Woman O'Kane, Mary Josephine (1954 - )

Mount Morgan, Queensland, Australia
Company director, Engineer, Scientist and University vice-chancellor

Written by Sharon M. Harrison, The University of Melbourne

Mary O'Kane has been a senior figure for many years in research policy and higher education in Australia. She was a pioneer in the field of automatic speech recognition, starting in the mid-1970s and is currently a company director, Executive Chairman of Mary O'Kane & Associates Pty Ltd, a Sydney-based consulting practice, and the NSW Chief Scientist & Engineer.

O'Kane was born in 1954 in the small central Queensland mining town of Mount Morgan and spent the first half of her childhood in various towns in the area. Her family later moved to Toowoomba. O'Kane's father, who held degrees in arts and science, taught mathematics and chemistry and was a high school and technical college principal. Her mother was an accountant. Both parents encouraged her interest in science and mathematics from a young age. O'Kane completed her secondary schooling at Downlands College in Toowoomba. Her physics teacher, Father John Tyler MSC, and chemistry teacher, Father Albert Chan MSC, both inspired her decision to study the physical sciences at university. O'Kane was offered a medical fellowship at university, but turned it down instead accepting a place in science at the University of Queensland.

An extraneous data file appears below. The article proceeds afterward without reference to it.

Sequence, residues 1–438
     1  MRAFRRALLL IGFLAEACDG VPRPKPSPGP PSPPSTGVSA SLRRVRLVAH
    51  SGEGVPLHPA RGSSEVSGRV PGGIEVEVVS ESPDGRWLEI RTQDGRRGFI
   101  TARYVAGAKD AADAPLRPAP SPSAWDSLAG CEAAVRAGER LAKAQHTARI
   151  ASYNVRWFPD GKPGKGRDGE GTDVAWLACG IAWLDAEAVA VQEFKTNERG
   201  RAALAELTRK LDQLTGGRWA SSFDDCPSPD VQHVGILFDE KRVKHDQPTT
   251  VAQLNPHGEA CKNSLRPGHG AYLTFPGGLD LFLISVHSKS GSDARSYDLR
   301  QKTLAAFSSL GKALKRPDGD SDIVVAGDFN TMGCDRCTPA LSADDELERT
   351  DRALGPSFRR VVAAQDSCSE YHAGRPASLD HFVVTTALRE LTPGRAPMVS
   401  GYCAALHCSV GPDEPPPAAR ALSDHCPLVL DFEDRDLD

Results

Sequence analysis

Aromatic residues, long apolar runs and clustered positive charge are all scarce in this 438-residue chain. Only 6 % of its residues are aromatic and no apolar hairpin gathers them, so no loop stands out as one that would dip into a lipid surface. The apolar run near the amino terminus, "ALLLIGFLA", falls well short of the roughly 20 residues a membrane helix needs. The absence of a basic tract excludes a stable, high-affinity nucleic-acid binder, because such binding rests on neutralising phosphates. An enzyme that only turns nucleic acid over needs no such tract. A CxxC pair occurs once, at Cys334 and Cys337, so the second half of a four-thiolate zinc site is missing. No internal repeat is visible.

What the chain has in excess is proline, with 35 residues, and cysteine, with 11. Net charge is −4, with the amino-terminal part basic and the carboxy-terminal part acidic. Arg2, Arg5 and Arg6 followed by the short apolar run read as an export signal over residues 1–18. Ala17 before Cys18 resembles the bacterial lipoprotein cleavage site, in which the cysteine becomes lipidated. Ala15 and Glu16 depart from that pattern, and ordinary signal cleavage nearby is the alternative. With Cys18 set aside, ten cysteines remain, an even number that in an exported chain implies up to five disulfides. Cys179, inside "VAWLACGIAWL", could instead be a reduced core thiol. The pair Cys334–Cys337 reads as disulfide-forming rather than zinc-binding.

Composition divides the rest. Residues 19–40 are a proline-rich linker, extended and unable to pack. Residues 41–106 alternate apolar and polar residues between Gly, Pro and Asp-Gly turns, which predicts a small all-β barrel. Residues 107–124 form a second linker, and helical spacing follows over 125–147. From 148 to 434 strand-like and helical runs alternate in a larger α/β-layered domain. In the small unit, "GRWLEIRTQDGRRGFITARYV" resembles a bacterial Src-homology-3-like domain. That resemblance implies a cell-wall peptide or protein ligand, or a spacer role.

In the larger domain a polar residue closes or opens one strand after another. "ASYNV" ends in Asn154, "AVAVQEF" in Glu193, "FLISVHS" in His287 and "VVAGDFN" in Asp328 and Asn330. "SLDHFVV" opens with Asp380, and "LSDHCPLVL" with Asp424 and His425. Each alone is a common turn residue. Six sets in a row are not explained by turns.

O'Kane was awarded a Bachelor of Science from the University of Queensland, majoring in physics and mathematics. At the end of her fourth year, she was a vacation student in engineering physics at the Australian National University (ANU) where she was offered a PhD scholarship, working under the supervision of Steven Kaneff and Iain Macleod. During her PhD studies, O'Kane was the recipient of an Italian government scholarship that allowed her to work under Professor Renato De Mori at the University of Turin, one of Europe's leading centres for automatic speech recognition. O'Kane's doctoral research focused on automatic speech recognition with particular reference to certain classes of sounds, looking at ways of recognising these sounds as they occurred in naturally spoken continuous speech. Gathering the first internationally collected run of a large amount of data on the plosive consonants in Italian and Australian English, O'Kane showed how these consonants vary in a systematic fashion with the sounds that come before and after them: the so-called phenomenon of coarticulation. Her thesis became the basis for several other theses at the Lincoln Laboratories at Massachusetts Institute of Technology that extended her doctoral work (Profiles: Australian Women Scientists, 1999, 136-137). O'Kane was awarded her PhD in 1982.